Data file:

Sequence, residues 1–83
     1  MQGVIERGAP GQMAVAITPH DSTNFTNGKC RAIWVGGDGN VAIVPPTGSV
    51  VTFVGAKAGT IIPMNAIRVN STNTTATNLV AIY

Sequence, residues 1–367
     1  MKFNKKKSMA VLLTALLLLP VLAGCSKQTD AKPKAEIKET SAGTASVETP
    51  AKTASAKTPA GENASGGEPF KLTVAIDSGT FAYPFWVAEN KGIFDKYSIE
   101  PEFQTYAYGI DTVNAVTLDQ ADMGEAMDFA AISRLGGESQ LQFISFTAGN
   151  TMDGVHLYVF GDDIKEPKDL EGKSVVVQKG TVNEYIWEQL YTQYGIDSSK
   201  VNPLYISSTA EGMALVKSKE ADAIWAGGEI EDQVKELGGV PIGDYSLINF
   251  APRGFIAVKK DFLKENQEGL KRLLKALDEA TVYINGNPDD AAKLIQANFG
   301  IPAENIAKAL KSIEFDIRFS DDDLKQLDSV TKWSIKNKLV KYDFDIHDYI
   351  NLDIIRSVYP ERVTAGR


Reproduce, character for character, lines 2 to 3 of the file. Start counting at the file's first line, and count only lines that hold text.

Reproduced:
     1  MQGVIERGAP GQMAVAITPH DSTNFTNGKC RAIWVGGDGN VAIVPPTGSV
    51  VTFVGAKAGT IIPMNAIRVN STNTTATNLV AIY